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Iron Age town discoveries displayed 50 years after first dig

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Fifty years after the commencement of an archaeological excavation led by the University of Reading, a forthcoming exhibition will present the remarkable discoveries unearthed from digs at the ancient Roman site of Silchester in Hampshire.

Attendees of “Becoming Roman – Silchester, a Town of Change” will be transported two millennia into the past, delving into the life of the Gaulish tribe that founded the settlement and exploring the transformations that occurred following the Roman Conquest of Britain.

Professor Michael Fulford, of the University of Reading, is the Director of the Silchester Town Life Project. He said: “It is wonderful to contribute to an exhibition which showcases some of the great discoveries from the University of Reading’s excavations at Silchester. The objects on display range from those illustrating the international contacts of the Iron Age town beneath the Romans to those that show how life changed after the Roman conquest.

“I am extremely grateful for the huge contribution that generations of our students and local volunteers have made to the success of the excavations over the past 50 years.”

The exhibit, featuring 150 items, will include terracotta floor tiles preserving footprints of animals and children, a large Roman grain storage jar undergoing its first display post-restoration, intricately carved gemstones, and a Roman roof tile stamped with Nero’s mark. Additionally, visitors will get an insider’s view of the ongoing archaeological dig that continues to unveil the secrets of Silchester’s inhabitants.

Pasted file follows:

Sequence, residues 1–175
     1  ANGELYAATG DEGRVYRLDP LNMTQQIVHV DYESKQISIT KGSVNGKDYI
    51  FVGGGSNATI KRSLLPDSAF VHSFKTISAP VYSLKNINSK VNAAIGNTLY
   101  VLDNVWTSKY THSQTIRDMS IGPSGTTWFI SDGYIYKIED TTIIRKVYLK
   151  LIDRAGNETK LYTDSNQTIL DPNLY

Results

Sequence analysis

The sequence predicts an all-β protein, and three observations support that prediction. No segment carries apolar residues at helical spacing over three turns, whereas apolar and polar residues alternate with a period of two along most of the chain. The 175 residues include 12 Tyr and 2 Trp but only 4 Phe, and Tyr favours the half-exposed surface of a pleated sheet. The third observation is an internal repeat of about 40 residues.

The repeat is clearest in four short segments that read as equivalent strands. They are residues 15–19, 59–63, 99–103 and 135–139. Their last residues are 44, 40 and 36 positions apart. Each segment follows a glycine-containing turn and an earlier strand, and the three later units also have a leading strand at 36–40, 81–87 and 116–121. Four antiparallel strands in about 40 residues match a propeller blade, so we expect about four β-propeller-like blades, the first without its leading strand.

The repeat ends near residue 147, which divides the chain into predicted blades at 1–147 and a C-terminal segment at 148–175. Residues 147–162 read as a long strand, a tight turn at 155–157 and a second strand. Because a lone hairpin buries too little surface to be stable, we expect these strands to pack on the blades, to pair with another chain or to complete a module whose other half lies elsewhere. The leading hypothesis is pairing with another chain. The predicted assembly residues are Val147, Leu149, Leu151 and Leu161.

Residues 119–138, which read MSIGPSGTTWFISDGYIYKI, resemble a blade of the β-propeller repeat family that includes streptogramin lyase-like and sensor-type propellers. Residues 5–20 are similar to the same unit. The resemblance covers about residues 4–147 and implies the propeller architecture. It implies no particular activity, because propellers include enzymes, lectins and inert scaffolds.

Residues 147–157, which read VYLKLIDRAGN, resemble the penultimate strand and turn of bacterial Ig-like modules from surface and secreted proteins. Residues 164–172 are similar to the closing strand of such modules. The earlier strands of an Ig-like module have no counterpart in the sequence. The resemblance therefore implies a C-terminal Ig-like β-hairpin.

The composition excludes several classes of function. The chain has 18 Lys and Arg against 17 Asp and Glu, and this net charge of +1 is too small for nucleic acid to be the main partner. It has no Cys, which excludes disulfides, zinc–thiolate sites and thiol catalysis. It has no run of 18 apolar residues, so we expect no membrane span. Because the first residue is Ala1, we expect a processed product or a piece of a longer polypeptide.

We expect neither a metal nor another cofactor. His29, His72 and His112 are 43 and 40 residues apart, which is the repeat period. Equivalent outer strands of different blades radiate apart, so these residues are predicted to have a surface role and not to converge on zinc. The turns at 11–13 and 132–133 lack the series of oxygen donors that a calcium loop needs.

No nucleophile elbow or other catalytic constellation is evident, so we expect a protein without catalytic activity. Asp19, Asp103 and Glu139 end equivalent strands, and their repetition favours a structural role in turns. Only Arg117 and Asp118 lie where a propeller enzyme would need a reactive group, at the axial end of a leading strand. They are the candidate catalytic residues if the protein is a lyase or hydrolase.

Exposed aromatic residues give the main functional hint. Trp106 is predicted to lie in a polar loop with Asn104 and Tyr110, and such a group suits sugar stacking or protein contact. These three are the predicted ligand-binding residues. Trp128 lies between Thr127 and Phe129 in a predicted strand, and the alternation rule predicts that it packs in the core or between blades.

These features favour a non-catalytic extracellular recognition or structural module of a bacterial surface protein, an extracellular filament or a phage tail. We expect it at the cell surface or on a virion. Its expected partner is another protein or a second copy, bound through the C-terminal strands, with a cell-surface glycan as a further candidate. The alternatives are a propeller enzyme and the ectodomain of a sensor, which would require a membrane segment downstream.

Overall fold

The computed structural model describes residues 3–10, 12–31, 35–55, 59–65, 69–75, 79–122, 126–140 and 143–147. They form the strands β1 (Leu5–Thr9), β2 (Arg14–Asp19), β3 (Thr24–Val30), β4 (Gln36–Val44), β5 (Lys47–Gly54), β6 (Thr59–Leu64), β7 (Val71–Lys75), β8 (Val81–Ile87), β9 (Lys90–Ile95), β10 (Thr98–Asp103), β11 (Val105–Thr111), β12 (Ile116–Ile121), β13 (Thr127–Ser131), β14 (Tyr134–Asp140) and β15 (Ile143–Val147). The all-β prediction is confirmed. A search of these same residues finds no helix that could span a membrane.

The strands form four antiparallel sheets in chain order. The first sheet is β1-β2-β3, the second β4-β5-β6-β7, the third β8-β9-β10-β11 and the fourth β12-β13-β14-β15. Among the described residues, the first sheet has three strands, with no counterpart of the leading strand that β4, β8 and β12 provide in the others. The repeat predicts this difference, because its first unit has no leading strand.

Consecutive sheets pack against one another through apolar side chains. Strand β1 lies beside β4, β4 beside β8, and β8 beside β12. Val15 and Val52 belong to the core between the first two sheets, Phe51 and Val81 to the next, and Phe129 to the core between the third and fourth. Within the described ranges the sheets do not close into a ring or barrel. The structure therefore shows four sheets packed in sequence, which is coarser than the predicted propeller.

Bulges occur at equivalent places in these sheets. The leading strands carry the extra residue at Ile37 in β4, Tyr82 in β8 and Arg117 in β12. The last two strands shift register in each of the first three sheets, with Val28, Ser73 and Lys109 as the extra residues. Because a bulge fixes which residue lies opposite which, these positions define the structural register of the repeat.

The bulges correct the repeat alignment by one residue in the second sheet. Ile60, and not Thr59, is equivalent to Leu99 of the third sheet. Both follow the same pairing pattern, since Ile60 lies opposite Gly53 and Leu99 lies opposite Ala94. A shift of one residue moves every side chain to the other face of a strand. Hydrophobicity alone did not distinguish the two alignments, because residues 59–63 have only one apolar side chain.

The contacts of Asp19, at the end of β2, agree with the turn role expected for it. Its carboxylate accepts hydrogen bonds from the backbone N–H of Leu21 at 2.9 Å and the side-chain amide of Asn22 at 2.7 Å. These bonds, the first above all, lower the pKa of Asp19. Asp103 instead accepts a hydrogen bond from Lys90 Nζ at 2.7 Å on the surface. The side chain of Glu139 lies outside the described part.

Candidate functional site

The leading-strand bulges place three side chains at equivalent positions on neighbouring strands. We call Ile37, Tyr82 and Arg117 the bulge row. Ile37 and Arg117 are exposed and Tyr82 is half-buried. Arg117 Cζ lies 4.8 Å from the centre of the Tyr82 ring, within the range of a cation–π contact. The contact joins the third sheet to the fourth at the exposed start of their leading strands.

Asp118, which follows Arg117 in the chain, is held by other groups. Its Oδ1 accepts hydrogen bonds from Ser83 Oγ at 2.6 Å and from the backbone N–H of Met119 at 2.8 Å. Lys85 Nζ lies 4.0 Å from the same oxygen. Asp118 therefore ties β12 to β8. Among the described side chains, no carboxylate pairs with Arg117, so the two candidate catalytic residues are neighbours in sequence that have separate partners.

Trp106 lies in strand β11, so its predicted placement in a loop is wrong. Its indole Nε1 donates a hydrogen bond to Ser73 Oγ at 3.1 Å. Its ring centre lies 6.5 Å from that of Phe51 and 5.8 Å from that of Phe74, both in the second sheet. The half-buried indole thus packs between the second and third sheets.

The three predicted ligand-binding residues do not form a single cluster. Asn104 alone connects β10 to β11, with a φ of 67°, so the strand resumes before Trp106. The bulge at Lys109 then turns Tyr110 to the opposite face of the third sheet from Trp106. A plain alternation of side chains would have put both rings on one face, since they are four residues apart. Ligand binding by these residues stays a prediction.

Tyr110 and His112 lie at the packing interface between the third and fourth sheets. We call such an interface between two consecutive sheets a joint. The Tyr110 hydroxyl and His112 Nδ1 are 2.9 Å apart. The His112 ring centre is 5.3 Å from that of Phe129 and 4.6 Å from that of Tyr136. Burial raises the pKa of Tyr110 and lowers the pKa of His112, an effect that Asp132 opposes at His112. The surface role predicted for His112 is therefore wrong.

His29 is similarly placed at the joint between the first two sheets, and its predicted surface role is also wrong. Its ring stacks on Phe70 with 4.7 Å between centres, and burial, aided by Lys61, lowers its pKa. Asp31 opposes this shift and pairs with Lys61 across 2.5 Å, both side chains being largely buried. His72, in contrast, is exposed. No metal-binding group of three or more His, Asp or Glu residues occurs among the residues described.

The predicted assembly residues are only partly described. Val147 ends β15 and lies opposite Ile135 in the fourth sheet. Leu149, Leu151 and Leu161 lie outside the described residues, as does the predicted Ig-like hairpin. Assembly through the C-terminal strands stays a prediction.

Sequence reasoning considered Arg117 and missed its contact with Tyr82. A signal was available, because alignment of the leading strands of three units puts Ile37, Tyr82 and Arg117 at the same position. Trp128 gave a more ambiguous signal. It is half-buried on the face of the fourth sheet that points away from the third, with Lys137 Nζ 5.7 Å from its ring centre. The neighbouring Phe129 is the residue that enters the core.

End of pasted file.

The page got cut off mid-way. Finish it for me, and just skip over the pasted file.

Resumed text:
Silchester, once a prosperous capital with its Iron Age mint, engaged in trade not only with neighboring tribes in Britain but also with the broader Roman Mediterranean world. The exhibition sheds light on their trading prowess and metalworking skills, showcasing chariot fittings and a discovered smithy. Emotional glimpses into Iron Age life include the skeleton of what is believed to be Britain’s first lap dog, imported from across the Channel.

With the arrival of the Romans came inevitable changes. The exhibition explores how the Iron Age settlement, known for its round houses, evolved with the introduction of a Roman street grid, a forum, and a bathhouse. Visitors will learn about the functioning of a Roman bathhouse, complete with a complex underfloor heating and gas system, and view personal items like hairpins and jewelry left behind by bathhouse users.

Nick Suffolk, Head of Heritage Experience at Hampshire Cultural Trust, highlighted the emotional connection fostered by “Becoming Roman – Silchester, a Town of Change,” where everyday artifacts offer a glimpse into the daily lives of individuals living thousands of years ago.

Becoming Roman – Silchester, a Town of Change, will tour the Red House Museum in Christchurch, Andover Museum, The new exhibition begins its tour at the Willis Museum and Sainsbury Gallery in Basingstoke on Saturday 10 February and will close on Sunday, 28 April.

Header Image Credit : University of Reading

This content was originally published on www.heritagedaily.com – © 2023 – HeritageDaily

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Archaeology

Researchers find that Żagań-Lutnia5 is an Iron Age stronghold

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Archaeologists have conducted a ground penetrating radar (GPR) survey of Żagań-Lutnia5, revealing that the monument is an Iron Age stronghold.

Żagań-Lutnia5 was first discovered in the 1960s near the town of Żagań in western Poland, with previous studies suggesting that the monument could be associated with the Białowieża group of the Lusatian urnfield culture.